MicroLOAN SD History
When Bill Jankow was the governor of South Dakota, he saw the need to provide small businesses in South Dakota with the opportunity to borrow money at a low interest rate – just as larger businesses were able to access through the REDI Fund.
In 1999, agreements were signed between Citibank, the South Dakota Development Corporation (SDDC) and the GOED. Citibank loaned the SDDC $1 million at zero percent interest, which, in turn, was to be loaned to small businesses through the GOED in conjunction with bank financing, at a 3 percent interest rate.
From 2001 until mid-2004, the interest rate was 5 percent to borrowers. However, in 2004, legislation was passed to allow the REDI Fund to buy the outstanding loans from Citibank. The interest rate was immediately restored to 3 percent, which is the current rate for the program.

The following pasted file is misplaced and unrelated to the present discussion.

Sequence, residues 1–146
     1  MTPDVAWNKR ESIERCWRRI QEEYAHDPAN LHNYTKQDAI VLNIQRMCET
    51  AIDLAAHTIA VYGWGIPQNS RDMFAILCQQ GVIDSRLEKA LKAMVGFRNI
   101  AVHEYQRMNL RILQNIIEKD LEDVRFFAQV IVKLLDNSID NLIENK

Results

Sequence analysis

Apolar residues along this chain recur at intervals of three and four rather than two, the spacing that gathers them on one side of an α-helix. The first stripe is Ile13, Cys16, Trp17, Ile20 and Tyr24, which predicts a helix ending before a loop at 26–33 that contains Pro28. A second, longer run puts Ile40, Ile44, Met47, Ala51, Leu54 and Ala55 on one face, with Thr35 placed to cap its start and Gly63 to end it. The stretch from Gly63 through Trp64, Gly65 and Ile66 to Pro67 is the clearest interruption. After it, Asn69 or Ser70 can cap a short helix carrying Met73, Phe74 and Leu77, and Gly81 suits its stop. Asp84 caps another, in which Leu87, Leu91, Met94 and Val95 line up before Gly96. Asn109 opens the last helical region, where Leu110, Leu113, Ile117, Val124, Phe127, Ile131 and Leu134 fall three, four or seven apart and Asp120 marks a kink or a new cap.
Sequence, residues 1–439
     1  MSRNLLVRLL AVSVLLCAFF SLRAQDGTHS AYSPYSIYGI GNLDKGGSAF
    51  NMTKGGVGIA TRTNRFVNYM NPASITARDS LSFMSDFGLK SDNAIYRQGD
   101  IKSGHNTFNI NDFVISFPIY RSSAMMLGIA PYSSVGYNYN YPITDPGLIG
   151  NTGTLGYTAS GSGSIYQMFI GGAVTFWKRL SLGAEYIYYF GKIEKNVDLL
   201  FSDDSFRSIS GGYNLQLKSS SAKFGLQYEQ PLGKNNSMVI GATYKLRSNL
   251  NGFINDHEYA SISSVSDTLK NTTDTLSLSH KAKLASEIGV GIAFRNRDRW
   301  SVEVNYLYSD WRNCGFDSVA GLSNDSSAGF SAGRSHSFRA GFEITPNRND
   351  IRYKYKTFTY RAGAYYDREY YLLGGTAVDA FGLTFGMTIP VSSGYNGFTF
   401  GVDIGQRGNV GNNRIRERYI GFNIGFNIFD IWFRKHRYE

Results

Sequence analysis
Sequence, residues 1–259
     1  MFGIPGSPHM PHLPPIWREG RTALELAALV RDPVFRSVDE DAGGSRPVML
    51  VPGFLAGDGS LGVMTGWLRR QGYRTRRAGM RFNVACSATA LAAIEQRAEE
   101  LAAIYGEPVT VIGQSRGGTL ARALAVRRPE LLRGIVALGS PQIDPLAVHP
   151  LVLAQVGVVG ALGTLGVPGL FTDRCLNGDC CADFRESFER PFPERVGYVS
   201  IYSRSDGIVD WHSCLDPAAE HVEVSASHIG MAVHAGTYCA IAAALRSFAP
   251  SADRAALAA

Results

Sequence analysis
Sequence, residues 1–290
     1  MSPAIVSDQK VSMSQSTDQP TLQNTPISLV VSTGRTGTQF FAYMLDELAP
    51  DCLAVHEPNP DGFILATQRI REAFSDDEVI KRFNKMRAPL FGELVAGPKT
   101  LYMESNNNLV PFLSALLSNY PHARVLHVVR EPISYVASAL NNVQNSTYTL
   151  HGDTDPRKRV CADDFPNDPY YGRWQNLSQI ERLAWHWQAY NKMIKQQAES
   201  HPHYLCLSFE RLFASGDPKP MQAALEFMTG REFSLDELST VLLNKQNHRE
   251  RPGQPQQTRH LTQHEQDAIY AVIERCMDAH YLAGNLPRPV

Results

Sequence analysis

In 2011, the SDCC purchased the outstanding loans from the REDI Fund and provided the capital for all MicroLoans. Additionally, the MicroLOAN Program
expanded its reach by providing financing to borrowers in conjunction with banks and credit unions. As of December 31, 2011, there was $3 million authorized to loan out through the MicroLOAN program.